Major countries' positions for G20 summit in Toronto (3)

17:22, June 24, 2010      

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Japan: Play active role in global issues

The G20 summit has now become a forum for developed and developing countries to discuss and jointly address global issues and Japan looks forward to playing an active role in this regard, Japanese officials said recently.

At the Toronto summit, the G20 leaders should make clear their resolve to achieve an agreement in the Doha talks as early as possible in an effort to shore up the global economic recovery and resist protectionism, the officials said.

Japan looks forward to some agreements on global issues from the summit and wishes to see more cooperation between developed and developing countries in the future in tackling global economic and financial issues, the officials said.

South Africa: Benefit from international trade

The South African government is expected to declare its intention to strengthen trade with other countries to benefit its economy at the summit. The country will call for setting up a new global economic and trade order in which emerging countries will be given more privileges and rights.

South African economist Martin Davis recently urged China, South Africa, Brazil and other emerging countries to join hands in promoting the establishment of a new international trade and economic order, which is more balanced, fair, efficient and conducive to the comprehensive recovery of world economy.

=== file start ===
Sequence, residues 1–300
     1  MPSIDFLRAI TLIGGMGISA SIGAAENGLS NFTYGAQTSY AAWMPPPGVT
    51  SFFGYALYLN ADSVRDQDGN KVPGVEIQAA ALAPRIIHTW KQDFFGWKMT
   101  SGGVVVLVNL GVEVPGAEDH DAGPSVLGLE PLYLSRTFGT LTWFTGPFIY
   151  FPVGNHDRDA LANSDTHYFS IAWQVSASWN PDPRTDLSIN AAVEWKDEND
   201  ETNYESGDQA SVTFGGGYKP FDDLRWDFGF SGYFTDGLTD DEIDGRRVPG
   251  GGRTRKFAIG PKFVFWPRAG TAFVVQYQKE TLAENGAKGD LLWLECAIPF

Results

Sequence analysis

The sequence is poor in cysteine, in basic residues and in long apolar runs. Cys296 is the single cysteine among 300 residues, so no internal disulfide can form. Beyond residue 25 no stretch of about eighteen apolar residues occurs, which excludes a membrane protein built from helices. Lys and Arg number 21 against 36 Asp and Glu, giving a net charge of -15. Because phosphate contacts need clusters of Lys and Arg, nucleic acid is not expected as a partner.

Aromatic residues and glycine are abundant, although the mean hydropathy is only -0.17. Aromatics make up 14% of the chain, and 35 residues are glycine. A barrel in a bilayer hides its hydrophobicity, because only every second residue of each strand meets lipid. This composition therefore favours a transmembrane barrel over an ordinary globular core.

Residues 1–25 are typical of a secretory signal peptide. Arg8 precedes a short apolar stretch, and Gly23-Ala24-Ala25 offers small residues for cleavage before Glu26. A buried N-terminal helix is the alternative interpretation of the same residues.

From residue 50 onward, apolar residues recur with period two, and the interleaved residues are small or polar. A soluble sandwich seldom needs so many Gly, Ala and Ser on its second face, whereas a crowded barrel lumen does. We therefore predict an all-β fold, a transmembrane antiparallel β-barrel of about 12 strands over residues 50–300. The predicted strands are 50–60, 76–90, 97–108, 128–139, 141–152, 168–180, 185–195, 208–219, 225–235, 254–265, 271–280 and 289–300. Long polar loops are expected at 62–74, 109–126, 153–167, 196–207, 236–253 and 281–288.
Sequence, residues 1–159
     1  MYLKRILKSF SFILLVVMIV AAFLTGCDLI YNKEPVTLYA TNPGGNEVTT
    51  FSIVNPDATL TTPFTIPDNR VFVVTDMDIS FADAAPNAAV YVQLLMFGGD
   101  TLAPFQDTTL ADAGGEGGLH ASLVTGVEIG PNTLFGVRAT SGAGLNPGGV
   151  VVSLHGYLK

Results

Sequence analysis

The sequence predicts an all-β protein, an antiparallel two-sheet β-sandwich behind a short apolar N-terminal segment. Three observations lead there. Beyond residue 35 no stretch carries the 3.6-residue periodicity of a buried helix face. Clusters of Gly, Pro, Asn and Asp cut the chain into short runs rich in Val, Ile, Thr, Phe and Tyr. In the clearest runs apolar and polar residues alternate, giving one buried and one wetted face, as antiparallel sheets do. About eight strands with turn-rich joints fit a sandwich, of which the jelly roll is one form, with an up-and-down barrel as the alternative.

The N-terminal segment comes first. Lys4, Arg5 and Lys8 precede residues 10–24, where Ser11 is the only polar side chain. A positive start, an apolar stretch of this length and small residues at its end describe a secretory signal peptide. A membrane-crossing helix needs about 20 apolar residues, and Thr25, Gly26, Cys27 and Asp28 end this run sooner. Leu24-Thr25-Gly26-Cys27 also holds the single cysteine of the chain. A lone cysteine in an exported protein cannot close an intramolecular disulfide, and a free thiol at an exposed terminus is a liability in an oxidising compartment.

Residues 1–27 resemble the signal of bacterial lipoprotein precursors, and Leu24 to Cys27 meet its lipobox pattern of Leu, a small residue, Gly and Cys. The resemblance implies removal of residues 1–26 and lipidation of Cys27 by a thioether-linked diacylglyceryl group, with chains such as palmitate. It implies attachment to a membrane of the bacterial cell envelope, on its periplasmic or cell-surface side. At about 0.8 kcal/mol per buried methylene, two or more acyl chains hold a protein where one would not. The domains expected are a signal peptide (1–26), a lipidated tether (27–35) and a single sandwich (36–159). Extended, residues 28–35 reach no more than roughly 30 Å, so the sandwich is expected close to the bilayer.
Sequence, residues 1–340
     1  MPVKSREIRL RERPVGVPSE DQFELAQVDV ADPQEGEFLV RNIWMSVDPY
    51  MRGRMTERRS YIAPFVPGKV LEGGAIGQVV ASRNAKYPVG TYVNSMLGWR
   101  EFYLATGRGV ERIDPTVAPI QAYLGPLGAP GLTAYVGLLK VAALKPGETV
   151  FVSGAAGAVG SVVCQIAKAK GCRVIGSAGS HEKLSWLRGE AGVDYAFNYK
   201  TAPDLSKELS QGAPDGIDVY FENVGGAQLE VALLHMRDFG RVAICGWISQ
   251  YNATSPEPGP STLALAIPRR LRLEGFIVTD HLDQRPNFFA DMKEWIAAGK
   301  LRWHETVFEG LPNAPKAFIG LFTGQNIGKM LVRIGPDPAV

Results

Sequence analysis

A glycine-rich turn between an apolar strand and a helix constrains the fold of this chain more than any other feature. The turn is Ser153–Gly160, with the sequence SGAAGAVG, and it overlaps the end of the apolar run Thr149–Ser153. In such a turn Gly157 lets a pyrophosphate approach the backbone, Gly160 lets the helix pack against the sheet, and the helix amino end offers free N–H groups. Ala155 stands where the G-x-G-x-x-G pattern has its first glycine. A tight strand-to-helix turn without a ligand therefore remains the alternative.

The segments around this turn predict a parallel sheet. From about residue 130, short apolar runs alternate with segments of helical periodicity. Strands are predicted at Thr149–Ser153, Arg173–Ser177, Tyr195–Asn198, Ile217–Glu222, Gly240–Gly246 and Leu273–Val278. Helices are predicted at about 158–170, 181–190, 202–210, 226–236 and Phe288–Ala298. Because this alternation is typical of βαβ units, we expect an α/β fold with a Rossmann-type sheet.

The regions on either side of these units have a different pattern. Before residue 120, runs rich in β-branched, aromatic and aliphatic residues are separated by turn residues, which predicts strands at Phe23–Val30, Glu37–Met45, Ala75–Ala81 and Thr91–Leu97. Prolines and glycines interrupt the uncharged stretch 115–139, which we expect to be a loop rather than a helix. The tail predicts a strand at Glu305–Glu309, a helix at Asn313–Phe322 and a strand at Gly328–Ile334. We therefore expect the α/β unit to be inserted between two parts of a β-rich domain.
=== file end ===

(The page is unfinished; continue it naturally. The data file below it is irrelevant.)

European Union: Coordinate in exit strategies

European Union (EU) leaders have two major topics to push at the summit: coordination in exit strategies and renewed efforts to reform financial markets.

"The G20 should agree on a coordinated and differentiated exit strategy to ensure sustainable public finances," EU President Herman Van Rompuy and European Commission President Jose Manuel Barroso said in a joint letter to G20 partners Wednesday.

Concerning financial reform, Van Rompuy and Barroso called on the G20 to reaffirm its commitment to strengthened financial regulations in such fields as capital requirements for banks, remuneration policies, convergence of accounting standards and the fight against tax havens.

The two leaders also repeated the EU's call for a global deal on bank levies and urged G20 leaders to explore the possibility of introducing a global financial transaction tax, which would prove to be more controversial.
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